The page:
For example, a sign-off button controller will request a sign-off action/service to invalidate user's sessions on all services that user is logged on to, then it will choose an appropriate view or log-off web-page to forward user to.
  • Presentation is your user interface. It can be a web-page made of HTML or Java Swing window or anything that user interacts with. GUI commonly known term for it. This is what your users will be interacting with using mouse clicks, scrolls, swipes, drag-and-drop. These actions are mapped with controller which performs action based on what user performed on UI.
  • Dependency Injection is a way to wire various components. There are a lot of resources on web. You can look in Martin Fowler's this article. It's basically a mechanism that allows components to behave much like plug-and-play devices, if you know what plug goes where.

    Spring is a good implementation of dependency injection. You may not want to write your own framework, and at this stage, you should rather not. There is a Spring MVC framework that can do things for you.

But I suggest you start from very basic. Instead of jumping on jargon, read from basic. Start with a good book on application development using Java. You can also look into

You might want to check out Domain Driven Design. The Code samples are in Java. The things you listed are design related more than any specific technology.

The benefits of using composition over inheritance are quite well known;

What are the cases in which the opposite is preferable?

Practically, I can see the advantage of forcing a base constructor, but I would like to know other people's opinion about other cases/domains.

I believe the famous recommendation of "favor composition over inheritance" was coined in the GoF Design Patterns book.

It says (p.20):

Favor object composition over class inheritance.

Ideally, you shouldn't have to create new components to achieve reuse. You should be able to get all the functionality you need just by assembling existing components through object composition. But this is rarely the case, because the set of available components is never quite rich enough in practice. Reuse by inheritance makes it easier to make new components that can be composed with old ones. Inheritance and object composition thus work together.

Nevertheless, our experience is that designers overuse inheritance as a reuse technique, and designs are often made more reusable (and simpler) by depending more on object composition. You'll see object composition applied again and again in the design patterns.

Notice that this statement refers to class inheritance, and must be distinguished from interface inheritance which is fine.


Both are ways to achieve reusability, but the advantage of composition over inheritance is dynamism. Since the composition can be changed dynamically at runtime this represents a great advantage, whereas inheritance is statically defined at compile time.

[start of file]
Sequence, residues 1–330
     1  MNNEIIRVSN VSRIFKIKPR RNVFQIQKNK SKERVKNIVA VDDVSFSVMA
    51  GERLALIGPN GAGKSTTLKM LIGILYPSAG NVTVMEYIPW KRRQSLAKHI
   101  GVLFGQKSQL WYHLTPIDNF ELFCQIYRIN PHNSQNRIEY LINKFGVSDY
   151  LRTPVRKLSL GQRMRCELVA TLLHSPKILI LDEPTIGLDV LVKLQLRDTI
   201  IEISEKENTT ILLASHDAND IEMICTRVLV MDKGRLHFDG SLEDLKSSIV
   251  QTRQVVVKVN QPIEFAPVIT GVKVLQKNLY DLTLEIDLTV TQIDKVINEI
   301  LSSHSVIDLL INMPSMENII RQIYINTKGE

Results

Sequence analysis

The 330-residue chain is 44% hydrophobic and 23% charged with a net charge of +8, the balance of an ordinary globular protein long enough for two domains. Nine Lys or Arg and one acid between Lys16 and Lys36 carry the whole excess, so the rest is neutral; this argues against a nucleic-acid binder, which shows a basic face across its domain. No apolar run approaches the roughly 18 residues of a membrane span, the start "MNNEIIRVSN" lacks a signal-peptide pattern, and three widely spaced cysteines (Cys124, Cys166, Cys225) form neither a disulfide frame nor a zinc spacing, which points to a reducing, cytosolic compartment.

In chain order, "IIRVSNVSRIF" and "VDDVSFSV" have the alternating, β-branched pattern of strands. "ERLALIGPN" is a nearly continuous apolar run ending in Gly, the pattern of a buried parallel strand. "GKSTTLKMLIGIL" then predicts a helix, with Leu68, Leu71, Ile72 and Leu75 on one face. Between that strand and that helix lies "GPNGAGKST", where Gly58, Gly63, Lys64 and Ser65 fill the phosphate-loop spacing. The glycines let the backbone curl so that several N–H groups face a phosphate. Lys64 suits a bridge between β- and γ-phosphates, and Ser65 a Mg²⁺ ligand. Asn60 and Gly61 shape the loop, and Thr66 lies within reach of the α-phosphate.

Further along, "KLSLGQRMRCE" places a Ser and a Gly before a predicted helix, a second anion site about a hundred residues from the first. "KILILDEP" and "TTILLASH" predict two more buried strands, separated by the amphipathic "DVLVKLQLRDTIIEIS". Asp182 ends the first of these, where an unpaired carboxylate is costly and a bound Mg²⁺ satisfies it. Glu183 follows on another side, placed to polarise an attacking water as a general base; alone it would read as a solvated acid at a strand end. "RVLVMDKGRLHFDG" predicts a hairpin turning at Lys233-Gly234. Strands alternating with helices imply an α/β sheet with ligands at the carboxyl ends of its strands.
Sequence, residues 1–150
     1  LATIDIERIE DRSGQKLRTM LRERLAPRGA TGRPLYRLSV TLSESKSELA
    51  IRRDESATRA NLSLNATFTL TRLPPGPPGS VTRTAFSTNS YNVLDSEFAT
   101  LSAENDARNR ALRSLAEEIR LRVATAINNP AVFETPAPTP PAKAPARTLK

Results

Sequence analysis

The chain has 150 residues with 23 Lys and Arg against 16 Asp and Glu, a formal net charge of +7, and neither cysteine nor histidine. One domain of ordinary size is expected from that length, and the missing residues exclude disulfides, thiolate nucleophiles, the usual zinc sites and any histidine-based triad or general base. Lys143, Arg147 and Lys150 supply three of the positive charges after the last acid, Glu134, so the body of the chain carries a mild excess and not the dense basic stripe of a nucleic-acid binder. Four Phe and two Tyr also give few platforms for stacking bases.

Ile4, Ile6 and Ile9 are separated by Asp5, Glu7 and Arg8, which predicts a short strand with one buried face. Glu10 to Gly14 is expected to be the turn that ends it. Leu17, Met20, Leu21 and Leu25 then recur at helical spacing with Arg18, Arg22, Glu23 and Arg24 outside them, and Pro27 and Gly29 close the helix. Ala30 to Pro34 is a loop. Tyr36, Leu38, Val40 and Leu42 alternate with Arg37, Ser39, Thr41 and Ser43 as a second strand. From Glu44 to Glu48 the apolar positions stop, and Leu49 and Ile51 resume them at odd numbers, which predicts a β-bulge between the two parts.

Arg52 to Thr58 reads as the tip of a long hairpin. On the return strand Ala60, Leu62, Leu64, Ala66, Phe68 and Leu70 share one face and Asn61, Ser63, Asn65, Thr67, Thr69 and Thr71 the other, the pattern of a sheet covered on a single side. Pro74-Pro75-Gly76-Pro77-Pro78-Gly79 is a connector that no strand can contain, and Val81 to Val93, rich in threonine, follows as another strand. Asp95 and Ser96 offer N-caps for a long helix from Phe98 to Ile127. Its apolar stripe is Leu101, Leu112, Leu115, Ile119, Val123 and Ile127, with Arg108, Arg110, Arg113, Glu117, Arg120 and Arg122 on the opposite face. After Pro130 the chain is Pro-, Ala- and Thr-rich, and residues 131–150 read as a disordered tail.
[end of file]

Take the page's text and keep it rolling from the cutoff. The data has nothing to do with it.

Also, composition is based on using the public interfaces of the composed objects, therefore objects respect each other's public interfaces and therefore this fosters encapsulation. On the other hand, inheritance breaks encapsulation since child components typically consume a protected interface from the parent. It is a well known problem that changes in the parent class can break the child classes, the famous base class problem. Also in inheritance parent classes define the physical representation of subclasses, therefore child clases depend on parent classes to evolve.


Another advantage of composition is that it keeps classes focused on one task and this foster cohesion as well.


Evidently a problem with composition is that you will have more objects and fewer classes. That makes a little more difficult to visualize your design and how it achieves its goals. When debugging code it is harder to know what is going on unless you know what exact instance of a given composite is currently being used by an object. So composition makes designs a bit harder to understand in my opinion.

Since the advantages of composition are multiple that's why it is suggested to favor it over inheritance, but that does not mean inheritance is always bad. You can achieve a great deal when inheritance is properly used.

Interesting References

I would suggest a study of GoF Design Patterns to see good examples of both types of reusability, for instance a Strategy Pattern that uses composition vs a Template Method that uses inheritance.

Most of the patterns make a great deal of interface inheritance and then object composition to achieve their goals and only a few use class inheritance as a reusability mechanism.

If you want to delve more the book Holub on Patterns, on chapter 2 has a section called Why extends is Evil that delve much more on the liabilities of class inheritance.

The book mentions three specific aspects

  • Losing Flexibility: The first problem is that explicit use of a concrete-class name locks you into a specific implementation, making down-the-line changes unnecessarily difficult.
  • Coupling: A more important problem with implementation inheritance is coupling, the undesirable reliance of one part of a program on another part. Global variables are the classic example of why strong coupling is bad. If you change the type of a global variable, for example, all the code that uses that variable—that is coupled to the variable—can be affected, so all this code must be examined, modified, and retested. Moreover, all the methods that use the variable are coupled to each other through the variable. That is, one method may incorrectly affect the behavior of another method simply by changing the variable’s value at an awkward time. This problem is particularly hideous in multithreaded programs.